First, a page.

Tuesday, March 15, 2011

Eroding the right to bail

Not content with moving to eliminate jury trials for most crimes, Justice Minister Simon Power is already mounting another attack on the rights of the accused - this time on the right to bail:

People accused of serious drug charges would face tougher tests to be granted bail under proposals set out by the Government.

Justice Minister Simon Power has just launched a discussion document on reforming the bail system that would include a reverse burden of proof for people charged with serious Class A drug offences, such as those involving P.

A reverse burden would require the defendant to prove to the court that they should be granted bail rather than the prosecution having to show the court why they should be remanded in custody.

Power said the Government was also exploring issues such as whether people accused of murder should lose the right to bail.

The problem with this lies in one word: "accused". People accused of a crime have not yet been found to be guilty. They may in fact be innocent. But Power is proposing throwing them in jail for two years or longer, simply on the basis of a police accusation. And that's just wrong.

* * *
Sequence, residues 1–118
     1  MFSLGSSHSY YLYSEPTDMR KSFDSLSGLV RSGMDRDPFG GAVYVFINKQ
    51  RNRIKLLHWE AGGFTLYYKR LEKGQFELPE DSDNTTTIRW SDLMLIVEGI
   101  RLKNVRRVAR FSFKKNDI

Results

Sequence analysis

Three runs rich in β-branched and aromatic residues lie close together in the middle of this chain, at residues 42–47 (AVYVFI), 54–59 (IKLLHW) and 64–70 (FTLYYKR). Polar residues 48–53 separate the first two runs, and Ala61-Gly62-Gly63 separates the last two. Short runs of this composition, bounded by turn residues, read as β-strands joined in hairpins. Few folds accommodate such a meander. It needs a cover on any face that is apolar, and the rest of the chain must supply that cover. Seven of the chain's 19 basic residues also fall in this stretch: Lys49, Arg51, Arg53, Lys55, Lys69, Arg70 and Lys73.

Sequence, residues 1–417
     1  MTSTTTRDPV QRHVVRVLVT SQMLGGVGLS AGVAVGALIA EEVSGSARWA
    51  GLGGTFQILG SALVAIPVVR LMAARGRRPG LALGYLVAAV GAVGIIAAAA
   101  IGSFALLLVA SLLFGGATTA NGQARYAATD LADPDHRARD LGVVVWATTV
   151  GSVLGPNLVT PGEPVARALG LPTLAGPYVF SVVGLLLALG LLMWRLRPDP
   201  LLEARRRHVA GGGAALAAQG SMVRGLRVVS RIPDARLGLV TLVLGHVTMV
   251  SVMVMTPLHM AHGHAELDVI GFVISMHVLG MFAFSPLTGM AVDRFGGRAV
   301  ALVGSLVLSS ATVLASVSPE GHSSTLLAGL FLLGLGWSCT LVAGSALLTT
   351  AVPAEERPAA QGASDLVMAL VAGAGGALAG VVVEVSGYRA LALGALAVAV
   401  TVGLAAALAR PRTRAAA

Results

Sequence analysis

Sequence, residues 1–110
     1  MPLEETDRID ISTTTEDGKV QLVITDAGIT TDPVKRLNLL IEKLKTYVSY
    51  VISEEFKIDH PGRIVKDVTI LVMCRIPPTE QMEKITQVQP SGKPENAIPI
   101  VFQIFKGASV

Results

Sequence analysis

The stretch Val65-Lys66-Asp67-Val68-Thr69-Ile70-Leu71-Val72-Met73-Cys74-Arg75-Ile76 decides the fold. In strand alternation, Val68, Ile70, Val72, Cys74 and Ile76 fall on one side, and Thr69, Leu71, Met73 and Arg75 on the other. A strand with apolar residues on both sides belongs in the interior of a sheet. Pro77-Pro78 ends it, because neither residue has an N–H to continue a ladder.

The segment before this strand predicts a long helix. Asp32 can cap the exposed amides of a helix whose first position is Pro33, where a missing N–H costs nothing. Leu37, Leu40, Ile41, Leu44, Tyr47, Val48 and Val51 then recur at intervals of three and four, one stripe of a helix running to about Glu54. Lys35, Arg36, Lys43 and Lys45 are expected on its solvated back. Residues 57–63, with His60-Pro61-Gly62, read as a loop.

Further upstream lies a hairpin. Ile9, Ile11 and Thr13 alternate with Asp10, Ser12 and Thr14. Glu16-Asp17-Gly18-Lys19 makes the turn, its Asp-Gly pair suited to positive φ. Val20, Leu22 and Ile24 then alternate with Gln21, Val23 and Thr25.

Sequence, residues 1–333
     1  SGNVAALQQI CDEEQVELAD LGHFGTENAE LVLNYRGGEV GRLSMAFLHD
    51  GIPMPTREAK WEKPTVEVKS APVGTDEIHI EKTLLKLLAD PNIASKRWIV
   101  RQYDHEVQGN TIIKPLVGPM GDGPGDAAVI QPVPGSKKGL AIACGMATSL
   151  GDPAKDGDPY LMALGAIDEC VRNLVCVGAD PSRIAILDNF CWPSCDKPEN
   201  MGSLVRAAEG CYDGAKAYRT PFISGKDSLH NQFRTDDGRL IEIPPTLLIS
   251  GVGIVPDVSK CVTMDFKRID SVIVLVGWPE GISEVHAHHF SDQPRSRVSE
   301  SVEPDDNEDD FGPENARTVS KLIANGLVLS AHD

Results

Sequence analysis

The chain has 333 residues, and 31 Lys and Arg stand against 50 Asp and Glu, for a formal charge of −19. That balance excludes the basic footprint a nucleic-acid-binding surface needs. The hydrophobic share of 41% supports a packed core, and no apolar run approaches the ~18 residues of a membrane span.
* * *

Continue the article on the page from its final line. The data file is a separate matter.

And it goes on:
Currently our bail laws generally recognise this. Despite National's "tough on crime" changes, bail is still a human right in this country. And this is recognised in section 24 of the New Zealand Bill of Rights Act, which provides that everyone charged with an offence

Shall be released on reasonable terms and conditions unless there is just cause for continued detention
A real risk of non-appearance, reoffending, or interference with the trial process is "just cause". Public outrage at the crime, or a desire to take a tough line against a particular type of offence isn't. Power's proposal would see innocent people imprisoned for prolonged periods of time, losing their jobs, families, and sometimes even lives, with no apology or compensation from the government. It is unjust, it is unfair, and it is just plain wrong.